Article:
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Best Doctors For diabetic-foot-ulcers
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    Dr Santosh Kumar Tiwari (q4iNbnqNXv)

    Dr Santosh Kumar Tiwari

    MBBS, DNB-General Surgery, M.Ch-Vascular Surgeon
    22 Yrs.Exp.


    22 + Years

    location icon Delhi
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    Dr. Milind Joshi (g3GJCwdAAB)

    Dr. Milind Joshi

    MBBS, MS - General Surgery
    25 Yrs.Exp.


    25 + Years

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    Dr. Amol Gosavi (Y3amsNWUyD)

    Dr. Amol Gosavi

    MBBS, MS - General Surgery
    23 Yrs.Exp.


    23 + Years

    location icon Vighnaharta Polyclinic
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  • What is a Diabetic Foot Ulcer
    How does it form
    Types of disease
    Diabetic Foot Ulcer Causes and Symptoms
    Diabetic Foot Ulcer Diagnosis
    Diabetic foot Ulcer Severity
    Risks & Complications
    Diabetic Foot Ulcer Prevention
    When to consult a doctor?
    Questions to ask your doctor
    Diabetic Foot Ulcer Treatment options & cost
    Diabetic Foot Ulcer Insurance coverage
    Recovery rate
    Facts and statistics around Diabetic Foot Ulcer

    What is a Diabetic Foot Ulcer?

    A ‘diabeticfoot’, also known as diabetic foot ulcer is a wound or an open sore that develops in diabetic patients if their leg gets injured somehow. Diabetic foot ulcers are considered as complication that arises when the skin tissues around the injury start to break down and expose the layers underneath. One of the worst things about these ulcers is that they cannot be managed through diet, exercise, or even insulin treatment. Therefore, it is always advised to get a timely treatment for a ulcer affected diabetic foot.

    How does it form?

    Wound healing is a natural mechanism of the human body. The key feature of wound healing is the repair of the lost extracellular matrix (ECM) that is the largest component of the dermal skin layer. Diabetes is one of the diseases that disturbs the wound healing process by delaying the formation of ECM. It also increases the risk of inflammation in the wounds that further delay the formation of mature granulation tissue and reduction in the wound tensile strength.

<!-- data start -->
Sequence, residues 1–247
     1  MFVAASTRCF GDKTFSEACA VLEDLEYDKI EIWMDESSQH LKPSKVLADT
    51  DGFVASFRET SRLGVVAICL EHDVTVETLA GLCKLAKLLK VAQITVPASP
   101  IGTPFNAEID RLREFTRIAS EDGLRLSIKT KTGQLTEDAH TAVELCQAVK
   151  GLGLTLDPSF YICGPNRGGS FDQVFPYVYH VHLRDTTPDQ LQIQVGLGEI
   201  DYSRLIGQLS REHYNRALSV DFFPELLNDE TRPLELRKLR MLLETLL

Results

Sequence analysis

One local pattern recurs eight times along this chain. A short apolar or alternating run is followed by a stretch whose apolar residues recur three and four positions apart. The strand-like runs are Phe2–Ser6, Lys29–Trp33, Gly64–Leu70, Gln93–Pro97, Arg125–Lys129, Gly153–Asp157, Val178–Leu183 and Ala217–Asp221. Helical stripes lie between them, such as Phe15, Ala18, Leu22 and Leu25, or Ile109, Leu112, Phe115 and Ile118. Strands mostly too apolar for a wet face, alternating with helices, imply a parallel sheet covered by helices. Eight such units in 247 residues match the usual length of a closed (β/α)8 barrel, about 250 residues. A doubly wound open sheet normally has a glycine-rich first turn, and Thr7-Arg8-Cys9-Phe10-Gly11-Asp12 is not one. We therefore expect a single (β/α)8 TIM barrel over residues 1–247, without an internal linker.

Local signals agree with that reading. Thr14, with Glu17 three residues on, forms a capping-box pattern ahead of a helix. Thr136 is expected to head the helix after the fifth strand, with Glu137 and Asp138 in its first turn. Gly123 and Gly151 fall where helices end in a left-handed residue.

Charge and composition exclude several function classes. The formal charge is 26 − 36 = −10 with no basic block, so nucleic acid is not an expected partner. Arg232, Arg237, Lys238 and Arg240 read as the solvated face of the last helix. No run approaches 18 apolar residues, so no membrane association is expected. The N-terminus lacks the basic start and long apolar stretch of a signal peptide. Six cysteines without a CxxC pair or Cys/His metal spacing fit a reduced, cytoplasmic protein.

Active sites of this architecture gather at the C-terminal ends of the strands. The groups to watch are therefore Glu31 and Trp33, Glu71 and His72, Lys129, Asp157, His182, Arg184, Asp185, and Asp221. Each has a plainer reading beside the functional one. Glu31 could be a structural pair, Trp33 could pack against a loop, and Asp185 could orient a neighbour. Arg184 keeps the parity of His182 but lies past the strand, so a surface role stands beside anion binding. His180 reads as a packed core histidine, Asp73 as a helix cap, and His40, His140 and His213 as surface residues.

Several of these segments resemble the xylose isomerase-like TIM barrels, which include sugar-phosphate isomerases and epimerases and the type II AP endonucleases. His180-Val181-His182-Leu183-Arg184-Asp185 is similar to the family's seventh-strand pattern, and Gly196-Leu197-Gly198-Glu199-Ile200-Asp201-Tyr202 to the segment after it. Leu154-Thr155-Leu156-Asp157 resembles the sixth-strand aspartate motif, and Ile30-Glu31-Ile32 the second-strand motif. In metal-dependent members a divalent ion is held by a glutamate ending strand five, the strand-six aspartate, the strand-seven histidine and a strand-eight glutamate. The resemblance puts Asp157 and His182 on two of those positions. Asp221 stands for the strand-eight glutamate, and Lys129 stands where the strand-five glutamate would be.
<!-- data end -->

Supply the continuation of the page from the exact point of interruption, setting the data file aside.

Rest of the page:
The delayed formation of the granulation tissue is the key reason for the formation of a diabetic foot ulcer. Other factors, such as poor circulation, foot deformities, and trauma in the foot also contribute to this condition. Patients with diabetes develop neuropathy which reduces or causes a complete loss of the ability to feel pain in the feet. The nerves get damaged due to consistently elevated blood sugar levels without exhibiting pain or other symptoms. Due to this, patients often stay unaware of the blisters, cuts, and injuries in their foot which results in the formation of a diabetic foot ulcer.

    Types of disease

    • Neuropathic Ulcers
    • Ischemic Ulcers
    • Neuroischemic Ulcers

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    Diabetic Foot Ulcer Causes and Symptoms


    • Poor circulation
    • High blood sugar
    • Nerve damage
    • Hypertension
    • Venous Insufficiency


    • Swelling and discoloration of the skin
    • Foul-smelling discharge
    • Pain and firmness in the wound
    • Callused or thickened skin
    • Partial or complete gangrene

    Diabetic Foot Ulcer Diagnosis


    • X-Ray- This imaging test is used to assess the alignment of the bones in the foot that contributes to the ulcer. The X-Ray will also help to determine the bone mass loss that happened due to diabetes.
    • MRI Scans- The magnetic resonance imaging test creates a computerized 3-D image of the soft tissues inside the body. The doctor suggests this test to determine the extent of damage caused by the ulcer and also reveal if there is any inflammation present in the foot.
    • Blood Test- It is recommended when there are signs of infection present with the ulcer. A blood test is done to screen the infection.

    Self Diagnosis

    The diabetic foot ulcer can be clearly seen on the foot as the tissues around the wound or sore will slowly start to die. If you have peripheral neuropathy, the nerve in the foot will be damaged, which will reduce the sensations in the feet and legs. Due to this, you may not notice the pain of the blister of injury in the foot.

    You should inspect your foot daily if you have diabetes to ensure that an ulcer is not forming. Even a small blister or cut can quickly progress into an ulcer if it goes unnoticed. Therefore, it is always advised to a diabetic patient to be extremely careful while performing any kind of activity.

    Diagnosis by Doctor

    Visiting a vascular specialist is always the right approach to seek treatment for diabetic foot ulcers. He/she will diagnose the condition during a physical examination. The doctor will ask when you first noticed the ulcer and if you have other conditions, such as lower extremity arterial disease or peripheral neuropathy.